UPDATED 7:17 AM PT — Wednesday, August 14, 2019
The head of the Federal Trade Commission (FTC) says he is ready to start poking holes in Facebook and other Big Tech companies. In an interview with Bloomberg Tuesday, chairman Joe Simons said he is leading an operation to restore competition in the sector. This would happen by reigning in dominant websites and leveling the online “playing field.” Simons told reporters, “it’s not ideal because it’s very messy, but if you have to — you have to.”
His comments come as the FTC continues to probe anti-competitive practices among sites such as Facebook, Amazon, Google, and Apple. So far, Google has received sharp criticism for favoring its own products in search results, while Facebook allegedly copied Snapchat’s “story” function.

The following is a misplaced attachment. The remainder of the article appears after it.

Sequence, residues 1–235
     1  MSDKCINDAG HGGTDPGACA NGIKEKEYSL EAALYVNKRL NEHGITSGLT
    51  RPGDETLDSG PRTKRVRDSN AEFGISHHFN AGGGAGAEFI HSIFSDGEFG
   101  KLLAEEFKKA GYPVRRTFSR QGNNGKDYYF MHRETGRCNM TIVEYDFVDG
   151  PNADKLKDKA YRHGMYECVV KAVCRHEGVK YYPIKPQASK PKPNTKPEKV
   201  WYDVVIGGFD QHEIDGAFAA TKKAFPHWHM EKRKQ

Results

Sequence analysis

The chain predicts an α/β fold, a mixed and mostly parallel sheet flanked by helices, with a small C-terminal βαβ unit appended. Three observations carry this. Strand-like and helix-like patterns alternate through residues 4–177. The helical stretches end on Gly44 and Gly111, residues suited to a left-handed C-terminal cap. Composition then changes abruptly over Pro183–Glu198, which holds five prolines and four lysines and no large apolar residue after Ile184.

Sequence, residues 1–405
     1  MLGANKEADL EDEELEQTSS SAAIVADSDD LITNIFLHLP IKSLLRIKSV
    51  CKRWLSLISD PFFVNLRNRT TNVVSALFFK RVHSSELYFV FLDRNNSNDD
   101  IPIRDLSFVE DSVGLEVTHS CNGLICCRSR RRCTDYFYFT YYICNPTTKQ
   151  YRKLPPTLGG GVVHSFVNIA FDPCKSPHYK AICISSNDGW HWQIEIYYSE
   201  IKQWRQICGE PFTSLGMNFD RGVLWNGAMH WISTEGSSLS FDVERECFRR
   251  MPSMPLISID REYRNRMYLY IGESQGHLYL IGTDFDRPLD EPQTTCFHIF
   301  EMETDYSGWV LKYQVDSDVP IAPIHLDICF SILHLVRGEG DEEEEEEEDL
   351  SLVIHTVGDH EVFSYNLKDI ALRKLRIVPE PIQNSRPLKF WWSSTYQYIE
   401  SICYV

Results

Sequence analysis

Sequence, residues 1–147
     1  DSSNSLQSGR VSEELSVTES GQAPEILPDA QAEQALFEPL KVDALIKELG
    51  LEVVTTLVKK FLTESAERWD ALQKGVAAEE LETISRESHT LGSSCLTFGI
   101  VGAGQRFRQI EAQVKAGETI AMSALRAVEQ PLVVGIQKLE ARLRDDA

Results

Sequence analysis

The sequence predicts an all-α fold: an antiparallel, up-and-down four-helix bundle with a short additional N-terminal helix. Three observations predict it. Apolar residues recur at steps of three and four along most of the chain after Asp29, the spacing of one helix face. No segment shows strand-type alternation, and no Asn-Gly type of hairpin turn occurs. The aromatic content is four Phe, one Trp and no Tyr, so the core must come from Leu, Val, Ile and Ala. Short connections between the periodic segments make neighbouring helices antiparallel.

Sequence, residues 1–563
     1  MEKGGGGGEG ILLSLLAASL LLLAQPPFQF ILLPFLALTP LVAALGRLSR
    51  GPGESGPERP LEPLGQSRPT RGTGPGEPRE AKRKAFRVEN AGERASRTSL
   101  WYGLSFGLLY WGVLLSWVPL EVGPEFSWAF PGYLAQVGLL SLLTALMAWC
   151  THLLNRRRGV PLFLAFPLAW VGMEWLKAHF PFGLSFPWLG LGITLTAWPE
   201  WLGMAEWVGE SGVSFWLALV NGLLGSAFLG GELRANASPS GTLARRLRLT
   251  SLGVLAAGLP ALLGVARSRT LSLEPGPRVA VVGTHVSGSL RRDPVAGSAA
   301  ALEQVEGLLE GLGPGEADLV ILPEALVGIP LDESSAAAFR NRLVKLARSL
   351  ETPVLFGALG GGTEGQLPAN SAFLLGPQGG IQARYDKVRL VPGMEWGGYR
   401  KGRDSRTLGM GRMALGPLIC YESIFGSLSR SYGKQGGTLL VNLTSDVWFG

While consumers may not yet feel the pinch of the success of these major platforms, separating the platform from the competing parts may give more small businesses the chance to get going. A drop off in new online startups may eventually effect price, variety, and availability of products.
The Department of Justice argued a similar case in 2018 when AT&T announced plans to purchase Time Warner. The department sued the phone carrier, suggesting the purchase was incited by the ability to raise its rival’s cost and stifle growth of younger media companies trying to enter the market.
“It’s for everybody, we can not allow Big Tech to censor American voices,” stated President Trump.
The Trump administration’s anti-trust division continues to oppose the merger, which has given the content provider extraordinary leverage over it’s producer.